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Hesed is often translated as loving-kindness. There are times when we are aware of God's loving-kindness towards us. Hesed is also a gift we receive from other beings, and which we can give to them. Recall some of the acts of hesed that you experienced, and in which you have engaged, since the death of your loved one.
Break the middle matzah on the matzah plate.
We break the matzah and hide one part (the Aﬁkomen). We recognize that liberation is made by imperfect people, broken, fragmented — so don’t be waiting until you are totally pure, holy, spiritually centered, and psychologically healthy to get involved in tikkun (the healing and repair of the world). It will be imperfect people, wounded...
Pesach is many things to many people. Its customs are familiar and can be viewed with many lenses. The symbols are universal and are subject to almost any reading: social justice, class, the Holocaust, Middle East politics, American politics, agriculture, the environment, the list is endless, and the proliferation of interpretations is evidence that this is fertile territory.
A few things – maybe only two –...
by Rabbi Fred Scherlinder Dobb
Horseradish is hard to find in the hinterlands outside Gallup NM. On this dry bit of Earth, next to what's left of Navajo/Hopi/Zuni lands, Pesach was clearly going to be a new experience. I had taken the year off from Brandeis to join the Global Walk for a Livable World 1990, figuring the truest education would be to "get up and walk the land" (Gen. 13:17), and to "serve and...
Let us all refill our cups.
[Take turns reading. Each person is invited to read a grouped set of lines - or to pass.]
Tonight we drink four cups of the fruit of the vine.
There are many explanations for this custom.
They may be seen as symbols of various things:
the four corners of the earth, for freedom must live everywhere;
the four seasons of the year, for...
At Passover each year, we read the story of our ancestors’ pursuit of liberation from oppression. When confronting this history, how do we answer our children or our contacts when they ask us how to pursue justice in our time?
WHAT DOES THE REVOLUTIONARY CHILD ASK?
“The Torah tells me, ‘Justice, justice you shall pursue,’ but how can I pursue justice?”
Empower him always to seek pathways...
"Let All Who Are Hungry"
We are wired to give.
One of the worst feelings in the world is not being needed by others.
I once asked a group of high school kids: "When was the last time you felt really good about yourselves?" Each responded by sharing an act of kindness and selfless giving.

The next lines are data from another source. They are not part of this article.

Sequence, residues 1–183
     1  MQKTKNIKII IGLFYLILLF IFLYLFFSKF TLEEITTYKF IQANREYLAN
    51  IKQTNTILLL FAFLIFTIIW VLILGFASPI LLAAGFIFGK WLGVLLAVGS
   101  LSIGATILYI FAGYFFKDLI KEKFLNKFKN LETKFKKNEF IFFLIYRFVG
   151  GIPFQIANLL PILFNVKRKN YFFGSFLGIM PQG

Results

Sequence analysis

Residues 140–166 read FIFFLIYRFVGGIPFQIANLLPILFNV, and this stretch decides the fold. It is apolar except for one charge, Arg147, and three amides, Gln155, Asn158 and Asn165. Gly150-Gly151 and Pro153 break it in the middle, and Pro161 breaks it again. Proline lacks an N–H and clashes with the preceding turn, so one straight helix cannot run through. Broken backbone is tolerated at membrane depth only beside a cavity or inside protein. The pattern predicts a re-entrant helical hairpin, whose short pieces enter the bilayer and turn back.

But a slave has nothing to offer. Drained of energy...
There have been many suggestions as to Judaism's most fundamental concept. Here's my candidate: In each and every generation, each of us must see ourselves as if we left Mitzrayim.
Rav Kook says each of us took something from that experience that the world needs before it can be fully redeemed. Our father Abraham knew well how to argue with God, but he didn't argue when told his descendants would be slaves for...
The Pesach story begins in a broken world, amidst slavery and oppression. The sound of the breaking of the matza sends us into that fractured existence, only to become whole again when we find the broken half, the afikoman, at the end of the Seder.
This brokenness is not just a physical or political situation: It reminds us of all those hard, damaged places within ourselves. All those narrow places from which we...
More Clips from Kalsman Institute
The seder ritual seems to have it backward: One would think that we should eat the maror first, just as the bitter slavery preceded the liberation. But in truth, our chronology is not so simple. We need to have tasted freedom to really understand oppression. Maybe the lingering aftertaste of the matza can help see us through suffering and oppression. So it is, that the love we shared with our...
Finding and Eating the Afikoman
In hiding and seeking the afikoman, we reunite the two parts separated at the beginning of the seder. At this moment, we have the opportunity to discover lost parts of ourselves, to become reconciled with relatives who have become distant and to find wholeness in aspects of Judaism which may not have been part of our...